Vasily Smyslov is no stranger to Candidates tournaments, winning the last two (Zurich 1953 and Amsterdam 1956) to earn the right to challenge the World Chess Champion. He became the seventh World Chess Champion in 1957, beating the reigning World Champion Mikhail Botvinnik 12½-10½. He lost the title in a return match to the same opponent a year later. Smyslov is one of the stars of the Russian school of chess announcing his arrival to the world in an impressive second place in the inaugural 1948 World Championship Match Tournament. Since then he has gone on to win 2 USSR Championships amongst his string of tournament victories over the last 15 years. With his pedigree, Smyslov enters the 1959 Candidates Tournament as a strong favourite.
Paul Keres is elite grandmaster accustomed to the trial-by-fire of Candidates Tournaments, but he has yet to win the right to a World Championship Match. He first burst onto the world chess scene before World War 2 with startling successes against the World Champion-calibre field in AVRO 1938, and notable wins over reigning World Champion Alexander Alekhine during the War. He finished a frustrating third place in the 1948 Match Tournament, attributable to his bitterly disappointing 4-1 loss to Botvinnik in their mini-match. But 2 second place finishes in the 1953 and 1956 Candidates tournaments, and a three-time winner of the USSR Championship, have cemented Keres' position in the world elite. This surely must be his turn to challenge the World Champion.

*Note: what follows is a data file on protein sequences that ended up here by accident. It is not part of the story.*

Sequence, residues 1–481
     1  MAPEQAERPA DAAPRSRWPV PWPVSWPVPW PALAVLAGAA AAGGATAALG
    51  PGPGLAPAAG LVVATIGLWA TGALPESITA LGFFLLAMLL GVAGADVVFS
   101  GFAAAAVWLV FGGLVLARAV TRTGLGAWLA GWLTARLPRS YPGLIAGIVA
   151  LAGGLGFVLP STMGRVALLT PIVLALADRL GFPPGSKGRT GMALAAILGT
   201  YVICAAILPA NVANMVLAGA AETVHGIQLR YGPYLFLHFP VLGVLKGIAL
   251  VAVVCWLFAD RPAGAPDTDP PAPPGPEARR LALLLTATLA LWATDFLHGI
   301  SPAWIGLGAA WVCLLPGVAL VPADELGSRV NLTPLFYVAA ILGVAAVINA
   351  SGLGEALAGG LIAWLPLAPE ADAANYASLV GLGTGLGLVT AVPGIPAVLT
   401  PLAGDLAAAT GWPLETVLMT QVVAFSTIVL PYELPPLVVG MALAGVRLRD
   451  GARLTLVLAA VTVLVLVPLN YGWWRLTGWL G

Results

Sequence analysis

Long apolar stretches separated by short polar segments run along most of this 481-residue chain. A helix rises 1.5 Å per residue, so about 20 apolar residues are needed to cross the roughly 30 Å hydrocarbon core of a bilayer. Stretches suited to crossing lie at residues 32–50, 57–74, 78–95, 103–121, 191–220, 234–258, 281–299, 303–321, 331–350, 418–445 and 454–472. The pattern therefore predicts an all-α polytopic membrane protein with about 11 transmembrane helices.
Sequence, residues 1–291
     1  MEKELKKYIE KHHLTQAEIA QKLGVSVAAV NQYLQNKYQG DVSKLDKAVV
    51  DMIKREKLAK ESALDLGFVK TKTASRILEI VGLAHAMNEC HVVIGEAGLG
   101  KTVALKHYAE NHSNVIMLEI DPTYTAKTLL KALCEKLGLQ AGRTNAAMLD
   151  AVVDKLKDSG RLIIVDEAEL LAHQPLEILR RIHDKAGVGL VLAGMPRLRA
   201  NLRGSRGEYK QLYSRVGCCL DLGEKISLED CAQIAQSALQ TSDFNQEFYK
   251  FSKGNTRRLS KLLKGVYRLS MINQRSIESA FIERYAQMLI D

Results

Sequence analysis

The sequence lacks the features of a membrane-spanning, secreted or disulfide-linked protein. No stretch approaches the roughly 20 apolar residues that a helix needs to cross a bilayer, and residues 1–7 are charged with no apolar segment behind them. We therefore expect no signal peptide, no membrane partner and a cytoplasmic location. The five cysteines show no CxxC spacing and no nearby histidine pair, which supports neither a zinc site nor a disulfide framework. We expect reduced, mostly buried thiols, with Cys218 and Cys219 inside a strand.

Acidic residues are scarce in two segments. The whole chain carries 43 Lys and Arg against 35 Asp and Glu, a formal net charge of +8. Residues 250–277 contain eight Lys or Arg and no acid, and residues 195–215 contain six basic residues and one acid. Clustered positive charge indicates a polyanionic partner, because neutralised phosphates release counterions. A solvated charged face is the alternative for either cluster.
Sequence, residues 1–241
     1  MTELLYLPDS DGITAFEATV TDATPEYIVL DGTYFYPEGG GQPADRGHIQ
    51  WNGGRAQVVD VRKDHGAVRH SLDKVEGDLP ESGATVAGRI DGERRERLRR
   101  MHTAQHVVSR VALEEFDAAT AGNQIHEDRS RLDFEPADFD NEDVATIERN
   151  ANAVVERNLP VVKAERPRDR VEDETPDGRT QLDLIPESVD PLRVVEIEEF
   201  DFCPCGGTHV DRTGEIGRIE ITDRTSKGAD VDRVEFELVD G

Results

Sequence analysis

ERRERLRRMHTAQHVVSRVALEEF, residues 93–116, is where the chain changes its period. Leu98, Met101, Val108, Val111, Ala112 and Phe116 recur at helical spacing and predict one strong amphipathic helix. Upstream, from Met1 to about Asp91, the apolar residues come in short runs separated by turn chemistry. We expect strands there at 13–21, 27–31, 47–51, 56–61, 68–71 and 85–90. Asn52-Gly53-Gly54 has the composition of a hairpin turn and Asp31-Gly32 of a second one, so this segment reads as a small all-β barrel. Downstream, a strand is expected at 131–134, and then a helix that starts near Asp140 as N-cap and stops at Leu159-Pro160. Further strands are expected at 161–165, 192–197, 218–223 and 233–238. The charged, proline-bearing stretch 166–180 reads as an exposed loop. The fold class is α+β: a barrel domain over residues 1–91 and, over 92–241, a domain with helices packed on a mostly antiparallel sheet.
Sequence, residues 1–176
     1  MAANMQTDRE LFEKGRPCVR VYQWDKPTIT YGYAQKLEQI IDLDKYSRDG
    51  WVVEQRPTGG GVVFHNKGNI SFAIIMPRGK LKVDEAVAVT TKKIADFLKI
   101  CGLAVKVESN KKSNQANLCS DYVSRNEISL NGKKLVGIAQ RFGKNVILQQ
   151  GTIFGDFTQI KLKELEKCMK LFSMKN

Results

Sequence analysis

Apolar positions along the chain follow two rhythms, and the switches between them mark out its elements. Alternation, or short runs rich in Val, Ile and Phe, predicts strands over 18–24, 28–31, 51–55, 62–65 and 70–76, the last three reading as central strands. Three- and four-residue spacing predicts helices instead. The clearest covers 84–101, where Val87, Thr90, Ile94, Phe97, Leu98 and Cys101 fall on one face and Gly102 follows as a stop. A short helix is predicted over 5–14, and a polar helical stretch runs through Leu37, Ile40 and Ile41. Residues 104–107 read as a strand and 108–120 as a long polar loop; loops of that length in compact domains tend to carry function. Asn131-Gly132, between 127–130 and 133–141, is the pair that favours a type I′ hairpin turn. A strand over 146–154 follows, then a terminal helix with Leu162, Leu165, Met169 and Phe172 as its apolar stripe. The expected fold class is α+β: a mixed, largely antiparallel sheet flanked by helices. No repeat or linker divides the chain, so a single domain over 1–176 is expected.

Petrosian is the current Russian champion and yet another regular in the Candidates Tournament, finishing a credible fifth in 1953, and third in 1956. His play is marked by extreme solidity and nerves of steel. He is regarded as a difficult opponent to beat. His career progress so far shows continuous and steady progress with no hiccups. He is a serious contender for first place particularly if it's a close finish.
Only 22 years old, Mikhail Tal is the darling of the chess world. Thanks to his daring and sacrificial style of play he has won the adulation of the chess public. He is already a twice winner of the USSR Championships, the second of which qualified him for the Portorož Interzonal. A clear first place finish at Portorož qualified him for this, his first Candidates Tournament. The major question in this tournament will be whether Tal's active and aggressive play stands up to World-class scrutiny.
The sixteen year-old American Robert James Fischer, like Tal, qualified for the Interzonal through surprisingly winning his country's national Championship (finishing one point ahead of Samuel Reshevsky). He scored enough points in the Interzonal to take one of the qualifying places for this Candidates tournament, and in so doing earned the Grandmaster title, the youngest player to have done so. Although still a teenager, Fischer is regarded as a resourceful fighter, demonstrating composure and accurate calculation.
An eight time Yugoslav champion Gligorić is regarded as a national hero (and interestingly once the national champion of Bulgaria). He is considered one of the strongest non-Russian chess players, and capable of holding his own against them. This includes a first place in the 1947 Warsaw International Tournament ahead of Vasily Smyslov. He is currently in the best form of his career so far, qualifying for this Candidates tournament by finishing a remarkable second place in Portorož. He was awarded the Grandmaster title in 1951.
Pal Benkö won the national championship of Hungary in 1948 aged only 20. Two years ago he left Hungary and moved to the United States. This sparked a series of successes up to and including the Interzonal. Benkö qualified in fourth place in Portorož to secure his place in this Candidates tournament, and the Grandmaster title
Ólafsson followed up winning his native Iceland's National championship in 1952 by annexing the Scandinavian Championship title a year later. He became Iceland's first Grandmaster by qualifying for this tournament after finishing joint 5th in Portorož.
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